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Vinuya vs Romulo - CD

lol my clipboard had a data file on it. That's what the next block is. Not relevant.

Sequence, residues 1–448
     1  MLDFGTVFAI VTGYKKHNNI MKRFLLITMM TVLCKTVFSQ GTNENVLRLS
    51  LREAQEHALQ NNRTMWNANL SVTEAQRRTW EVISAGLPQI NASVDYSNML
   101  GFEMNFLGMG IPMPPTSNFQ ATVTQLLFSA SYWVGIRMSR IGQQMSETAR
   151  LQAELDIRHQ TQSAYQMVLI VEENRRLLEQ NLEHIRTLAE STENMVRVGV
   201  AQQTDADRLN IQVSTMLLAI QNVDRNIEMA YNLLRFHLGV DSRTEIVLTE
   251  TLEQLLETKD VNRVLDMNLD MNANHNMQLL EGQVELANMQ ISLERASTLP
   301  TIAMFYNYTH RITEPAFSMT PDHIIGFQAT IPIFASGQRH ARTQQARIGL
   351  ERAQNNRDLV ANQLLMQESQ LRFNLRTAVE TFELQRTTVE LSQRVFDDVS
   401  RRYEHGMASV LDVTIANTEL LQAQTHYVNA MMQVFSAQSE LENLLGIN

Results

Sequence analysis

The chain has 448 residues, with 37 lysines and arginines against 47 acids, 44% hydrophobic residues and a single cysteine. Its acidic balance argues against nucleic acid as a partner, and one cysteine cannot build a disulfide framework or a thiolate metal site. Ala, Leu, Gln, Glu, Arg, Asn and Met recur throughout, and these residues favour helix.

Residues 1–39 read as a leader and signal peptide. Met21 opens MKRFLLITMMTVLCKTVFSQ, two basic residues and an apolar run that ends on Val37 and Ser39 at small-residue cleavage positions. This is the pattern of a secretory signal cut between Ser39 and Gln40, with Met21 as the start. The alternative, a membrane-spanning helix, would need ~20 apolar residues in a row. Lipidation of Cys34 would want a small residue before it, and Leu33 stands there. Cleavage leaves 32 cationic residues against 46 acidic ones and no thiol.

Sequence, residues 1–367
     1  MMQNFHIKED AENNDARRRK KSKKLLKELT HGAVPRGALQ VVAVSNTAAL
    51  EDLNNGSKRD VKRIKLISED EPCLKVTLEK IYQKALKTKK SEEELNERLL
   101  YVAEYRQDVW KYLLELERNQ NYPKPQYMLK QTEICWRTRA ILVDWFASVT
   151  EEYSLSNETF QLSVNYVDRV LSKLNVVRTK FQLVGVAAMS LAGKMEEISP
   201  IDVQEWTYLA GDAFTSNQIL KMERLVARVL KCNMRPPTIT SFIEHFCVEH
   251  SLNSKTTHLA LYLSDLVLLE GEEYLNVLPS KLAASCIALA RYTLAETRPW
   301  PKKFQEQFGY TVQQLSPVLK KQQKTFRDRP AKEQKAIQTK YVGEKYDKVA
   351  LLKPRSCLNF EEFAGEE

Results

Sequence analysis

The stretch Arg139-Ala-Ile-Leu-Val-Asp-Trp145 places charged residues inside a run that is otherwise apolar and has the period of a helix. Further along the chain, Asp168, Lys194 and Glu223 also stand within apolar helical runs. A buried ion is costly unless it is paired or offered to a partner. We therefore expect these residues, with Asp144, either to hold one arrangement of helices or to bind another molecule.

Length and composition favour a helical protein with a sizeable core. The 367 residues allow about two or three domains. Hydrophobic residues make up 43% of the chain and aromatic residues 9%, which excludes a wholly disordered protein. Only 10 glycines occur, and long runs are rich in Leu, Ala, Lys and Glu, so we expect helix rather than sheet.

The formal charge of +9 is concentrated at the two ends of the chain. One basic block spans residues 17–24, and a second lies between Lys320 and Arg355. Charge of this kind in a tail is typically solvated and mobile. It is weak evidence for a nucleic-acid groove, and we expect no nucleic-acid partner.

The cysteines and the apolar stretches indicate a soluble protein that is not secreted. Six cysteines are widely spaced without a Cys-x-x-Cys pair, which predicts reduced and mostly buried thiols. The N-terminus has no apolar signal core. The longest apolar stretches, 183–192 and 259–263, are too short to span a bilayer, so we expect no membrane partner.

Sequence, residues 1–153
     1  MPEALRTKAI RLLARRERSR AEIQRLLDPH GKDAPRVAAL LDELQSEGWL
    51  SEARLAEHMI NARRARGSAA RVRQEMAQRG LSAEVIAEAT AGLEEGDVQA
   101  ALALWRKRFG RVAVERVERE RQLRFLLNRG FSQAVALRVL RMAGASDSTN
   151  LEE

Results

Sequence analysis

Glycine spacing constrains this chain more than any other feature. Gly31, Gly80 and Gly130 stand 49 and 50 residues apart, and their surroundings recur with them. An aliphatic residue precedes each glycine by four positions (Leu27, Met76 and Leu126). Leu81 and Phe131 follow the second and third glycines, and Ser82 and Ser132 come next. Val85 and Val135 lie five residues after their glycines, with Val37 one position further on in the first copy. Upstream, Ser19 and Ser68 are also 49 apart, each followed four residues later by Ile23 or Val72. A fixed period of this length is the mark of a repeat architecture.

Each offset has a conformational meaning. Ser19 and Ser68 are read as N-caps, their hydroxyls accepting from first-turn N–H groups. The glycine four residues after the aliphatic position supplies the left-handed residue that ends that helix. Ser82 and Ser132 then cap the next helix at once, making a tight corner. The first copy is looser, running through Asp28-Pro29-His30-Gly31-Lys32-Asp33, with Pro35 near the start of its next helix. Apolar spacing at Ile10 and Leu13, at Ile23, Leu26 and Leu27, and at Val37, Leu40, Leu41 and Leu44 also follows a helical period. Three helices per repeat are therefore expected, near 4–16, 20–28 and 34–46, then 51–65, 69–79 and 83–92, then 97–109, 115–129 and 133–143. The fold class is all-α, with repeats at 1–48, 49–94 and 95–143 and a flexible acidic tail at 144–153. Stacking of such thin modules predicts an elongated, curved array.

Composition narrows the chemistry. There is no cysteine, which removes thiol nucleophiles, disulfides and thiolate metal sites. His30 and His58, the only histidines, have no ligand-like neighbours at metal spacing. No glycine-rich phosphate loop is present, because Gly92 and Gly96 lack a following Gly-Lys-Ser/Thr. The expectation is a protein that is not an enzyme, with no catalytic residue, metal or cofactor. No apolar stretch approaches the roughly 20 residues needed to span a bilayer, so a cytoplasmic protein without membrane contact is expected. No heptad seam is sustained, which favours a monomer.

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  VINUYA VS. SEC. ROMULO G.R. No. 162230, April 28, 2010   FACTS : This is an srcinal Petition for Certiorari under Rule 65 of the Rules of Court with an application for the issuance of a writ of preliminary mandatory injunction against the Office of the Executive Secretary, the Secretary of the DFA, the Secretary of the DOJ, and the OSG. Petitioners are all members of the MALAYA LOLAS, a non-stock, non-profit organization registered with the SEC, established for the purpose of providing aid to the victims of rape by Japanese military forces in the Philippines during the Second World War. Petitioners claim that since 1998, they have approached the Executive Department through the DOJ, DFA, and OSG, requesting assistance in filing a claim against the Japanese officials and military officers who ordered the establishment of the “comfort women” stations in the Philippines. But officials of the Executive Department declined to assist the petitioners, and took the position that the individual claims of the comfor t women for compensation had already been fully satisfied by Japan‟s compliance with the Peace Treaty between the Philippines and Japan. Hence, this petition where petitioners pray for this court to (a) declare that respondents committed grave abuse of discretion amounting to lack or excess of discretion in refusing to espouse their claims for the crimes against humanity and war crimes committed against them; and (b) compel the respondents to espouse their claims for official apology and other forms of reparations against Japan before the International Court of Justice (ICJ) and other international tribunals. Respondents maintain that all claims of the Philippines and its nationals relative to the war were dealt with in the San Francisco Peace Treaty of 1951 and the bilateral Reparations Agreement of 1956. On January 15, 1997, the Asian Women‟s Fund and the Philippine government signed a Memorandum of Understanding for medical and welfare support programs for former comfort women. Over the next five years, these were implemented by the Department of Social Welfare and Development. ISSUE : WON the Executive Department committed grave abuse of discretion in not espousing petitioners‟ claims for official apology and other forms of reparations against Japan. RULING : Petition lacks merit. From a Domestic Law Perspective, the Executive Department has the exclusive prerogative to determine whether to espouse petitioners‟ claims against Japan.   Political questions refer “to those questions which, under the Constitution, are to be decided by the people in their sovereign capacity, or in regard to which full discretionary authority has been delegated to the legislative or executive branch of the government. It is concerned with issues dependent upon the wisdom, not legality of a particular measure.”   One type of case of political questions involves questions of foreign relations. It is well-established that “the conduct of the foreign relations of our government is committed by the Constitution to the executive and legislative –„the political‟– departments of the government, and the propriety of what may be done in the exercise of this political power is not subject to judicial inquiry or decision.” are delicate, complex, and involve large elements of prophecy. They are and should be undertaken only by those directly responsible to the people whose welfare they advance or imperil. But not all cases implicating foreign relations present political questions, and courts certainly possess the authority to construe or invalidate treaties and executive agreements. However, the question whether the Philippine government should espouse claims of its nationals against a foreign government is a foreign relations matter, the authority for which is demonstrably committed by our Constitution not to the courts but to the political branches. In this case, the Executive Department has already decided that it is to the best interest of the country to waive all claims of its nationals for  reparations against Japan in the Treaty of Peace of 1951. The wisdom of such decision is not for the courts to question. The President, not Congress, has the better opportunity of knowing the conditions which prevail in foreign countries, and especially is this true in time of war. He has his confidential sources of information. He has his agents in the form of diplomatic, consular and other officials. The Executive Department has determined that taking up petitioners‟ cause would be inimical to our country‟s foreign policy interests, and could disrupt our relations with Japan, thereby creating serious implications for stability in this region. For the to overturn the Executive Department‟s determination would mean an assessment of the foreign policy judgments by a coordinate political branch to which authority to make that judgment has been constitutionally committed. From a municipal law perspective, certiorari will not lie. As a general principle, where such an extraordinary length of time has lapsed between the treaty‟s conclusion and our consideration –  the Executive must be given ample discretion to assess the foreign policy considerations of espousing a claim against Japan, from the standpoint of both the interests of the petitioners and those of the Republic, and decide on that basis if apologies are sufficient, and whether further steps are appropriate or necessary. In the international sphere, traditionally, the only means available for individuals to bring a claim within the international legal system has been when the individual is able to persuade a government to bring a claim on the individual‟s behalf. By taking up the case of one of its subjects and by resorting to diplomatic action or international judicial proceedings on his behalf, a State is in reality asserting its own right to ensure, in the person of its subjects, respect for the rules of international law. Within the limits prescribed by international law, a State may exercise diplomatic protection by whatever means and to whatever extent it thinks fit, for it is its own right that the State is asserting. Should the natural or legal person on whose behalf it is acting consider that their rights are not adequately protected, they have no remedy in international law. All they can do is resort to national law, if means are available, with a view to furthering their cause or obtaining redress. All these questions remain within the province of municipal law and do not affect the position internationally. Even the invocation of jus cogens norms and erga omnes obligations will not alter this analysis. Petitioners have not shown that the crimes committed by the Japanese army violated jus cogens prohibitions at the time the Treaty of Peace was signed, or that the duty to prosecute perpetrators of international crimes is an erga omnes obligation or has attained the status of jus cogens. The term erga omnes (Latin: in relation to everyone) in international law has been used as a legal term describing obligations owed by States towards the community of states as a whole. Essential distinction should be drawn between the obligations of a State towards the international community as a whole, and those arising vis-à-vis another State in the field of diplomatic protection. By their very nature, the former are the concern of all States. In view of the importance of the rights involved, all States can be held to have a legal interest in their protection; they are obligations erga omnes. The term “jus cogens” (literally, “compelling law”) refers to norms that command peremptory authority, superseding conflicting treaties and custom. Jus cogens norms are considered peremptory in the sense that they are mandatory, do not admit derogation, and can be modified only by general international norms of equivalent authority WHEREFORE, the Petition is hereby DISMISSED.